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Old 08-17-2014, 11:44 AM
 
29,782 posts, read 34,880,403 times
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Quote:
Originally Posted by ApePeeD View Post
That's the million-dollar question. Is it better for you to retire early with a lower benefit, or work a few more years and get a higher benefit?

Nobody knows how long they will live. However, you know your health now, how much assets you have now, whether or not you have a spouse who also has savings, and whether or not working a few more years will just whittle away your health more than it's worth.

If you're 63, already have health problems, and everyone on your family has died at 65 of breast or prostate cancer... well then, maybe working until age 70 isn't a good idea.

If you're 68, and everyone in your family has lived to 102, and you have zero retirement assets... maybe you should work a little bit more...
Hopefully folks have the ability to delay benefits without still working.
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Old 08-17-2014, 03:40 PM
 
Location: Talmadge, San Diego, CA
13,325 posts, read 25,312,896 times
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Quote:
Originally Posted by biscuitmom View Post
Surely you jest. If not, where on earth did you get the idea that SS benefits continue to grow past age 70?

Delayed Retirement
I have a co-worker that thinks the longer you wait to take your SS, it goes up $100 per year. I have no idea where he got that information, either.
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Old 08-17-2014, 04:53 PM
 
Location: Grove City, Ohio
10,135 posts, read 12,392,750 times
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Quote:
Originally Posted by moved View Post
I have a co-worker that thinks the longer you wait to take your SS, it goes up $100 per year. I have no idea where he got that information, either.
Simplified.



As many have already said after age 70 it stops.

My greatest earnings years were the 1980's, 90's and for a good number of those years I hit the maximum taxable earnings but from 2001 on not as good on the income side. Adequate but I haven't hit the maximum social security tax for a while now.

On a side note, having absolutely nothing to do with the current thread, I've never been happier at work than I am right now. As far as purchasing power I am earning about half of what I did 25 years ago (no cruises for a while and the private airplane is gone) but I would not want to go back to the conditions I had to endure during my high paid years. Money isn't everything. Fact is I learned that money isn't much at least to me.

At 66 my social security benefit was estimated to be $2,250 but if I wait just four more years my benefit will be $2,970 so here I am still working and not collecting.

When my wife turns 66 I will file and suspend so she can receive 50% of my FRA benefit or $1,125 which we don't have a need for so we'll just pay taxes on it and bank it while I continue to work.

At 70 my benefit will be $2,250*1.32=$2,970 giving us a combined social security benefit of $4,095 which might not be as much as I am earning working full time BUT it is practically tax free money. Georgia is very friendly on retirement income. About Georgia:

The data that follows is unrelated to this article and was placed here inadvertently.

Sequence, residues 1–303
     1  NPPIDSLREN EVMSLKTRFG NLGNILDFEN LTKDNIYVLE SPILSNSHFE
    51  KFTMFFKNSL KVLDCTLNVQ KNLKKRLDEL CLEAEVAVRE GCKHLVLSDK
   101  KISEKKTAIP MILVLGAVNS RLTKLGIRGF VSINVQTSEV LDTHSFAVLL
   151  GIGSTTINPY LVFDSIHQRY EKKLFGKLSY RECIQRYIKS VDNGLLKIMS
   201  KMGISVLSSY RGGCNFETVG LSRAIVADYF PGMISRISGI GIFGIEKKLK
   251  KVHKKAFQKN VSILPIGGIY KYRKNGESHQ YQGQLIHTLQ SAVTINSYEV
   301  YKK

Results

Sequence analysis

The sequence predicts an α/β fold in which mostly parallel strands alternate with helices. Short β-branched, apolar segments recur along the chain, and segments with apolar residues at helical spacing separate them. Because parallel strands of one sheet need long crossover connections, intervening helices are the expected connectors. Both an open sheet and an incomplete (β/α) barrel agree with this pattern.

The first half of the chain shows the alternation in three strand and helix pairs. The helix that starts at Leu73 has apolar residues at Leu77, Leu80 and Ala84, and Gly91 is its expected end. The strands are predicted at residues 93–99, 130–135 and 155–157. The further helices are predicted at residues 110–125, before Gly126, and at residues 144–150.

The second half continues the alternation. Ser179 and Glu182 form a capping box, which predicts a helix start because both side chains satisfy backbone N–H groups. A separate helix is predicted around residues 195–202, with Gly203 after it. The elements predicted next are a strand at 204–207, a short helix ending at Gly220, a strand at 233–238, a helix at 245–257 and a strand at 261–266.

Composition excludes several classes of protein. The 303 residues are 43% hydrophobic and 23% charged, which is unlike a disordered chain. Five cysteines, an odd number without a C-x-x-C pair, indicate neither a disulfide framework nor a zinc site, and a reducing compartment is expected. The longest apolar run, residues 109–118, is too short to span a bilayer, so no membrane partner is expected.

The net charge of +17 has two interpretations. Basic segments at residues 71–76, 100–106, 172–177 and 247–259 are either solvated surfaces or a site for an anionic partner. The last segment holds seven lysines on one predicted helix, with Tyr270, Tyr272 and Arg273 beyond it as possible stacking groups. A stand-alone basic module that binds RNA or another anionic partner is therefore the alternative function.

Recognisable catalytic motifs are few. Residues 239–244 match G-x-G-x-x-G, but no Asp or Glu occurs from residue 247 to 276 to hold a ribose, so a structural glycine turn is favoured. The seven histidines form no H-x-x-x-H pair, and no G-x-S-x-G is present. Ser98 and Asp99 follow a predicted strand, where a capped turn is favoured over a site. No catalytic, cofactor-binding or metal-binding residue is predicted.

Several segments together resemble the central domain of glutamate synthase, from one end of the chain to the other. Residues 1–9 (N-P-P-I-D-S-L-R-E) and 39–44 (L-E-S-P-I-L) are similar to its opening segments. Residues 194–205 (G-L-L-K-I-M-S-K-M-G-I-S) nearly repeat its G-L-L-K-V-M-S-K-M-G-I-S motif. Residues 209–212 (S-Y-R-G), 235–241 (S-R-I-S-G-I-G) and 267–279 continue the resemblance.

Quote:
One of Kiplinger's top ten most tax-friendly states for retirees, the Peach State is a peachy tax environment for retirees. Social Security income is exempt, and so is up to $35,000 of most types of retirement income. For those 65 and older, the 2013 exemption is $65,000 per taxpayer. The statewide sales tax is 4%, but jurisdictions may add up to 4% of their own taxes. Full-time residents qualify for a homestead exemption, and residents 65 and older may qualify for additional deductions from property taxes.
No state income tax and according to this online calculator we won't have any federal income tax on an annual ss benefit only income of $49,140. Even adding $12,000 yearly for IRA distributions (I honestly don't know what we will do with the money when we're forced to take it) our federal tax is still zero!

What makes me feel great is if I pass first my wife loses her $1,125 but picks up my $2,970 monthly benefit. Couple that with the IRA money and she as a widow should do just fine.

If you were like me and didn't save enough, for whatever reason, working a couple or few extra years can make up for a lot of sin.

Three or four more years and we got it made.
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Old 08-17-2014, 06:08 PM
 
2,394 posts, read 2,064,093 times
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If you were like me and didn't save enough, for whatever reason, working a couple or few extra years can make up for a lot of sin.


This is so true. That is why health plays such a huge role in pre-retirement planning
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Old 08-18-2014, 08:44 AM
 
26,591 posts, read 52,323,935 times
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Quote:
Originally Posted by ApePeeD View Post

If you're 68, and everyone in your family has lived to 102, and you have zero retirement assets... maybe you should work a little bit more...
People are living longer... at least those around me.

The lady across the street lives alone and is 101... another lady down the street died at 104 at home and there are lots of folks around here in their 80's and 90's.

The 104 year old started teaching at a one room school house near Minden Nevada at age 17... she taught for 50 years and had social security for 37 years...

Many of my retired Public Safety friends put in between 20 and 30 years on the job with some retiring at 51-53 and projections are 40+ years of benefits are a real possibility... although most are not under Social Security.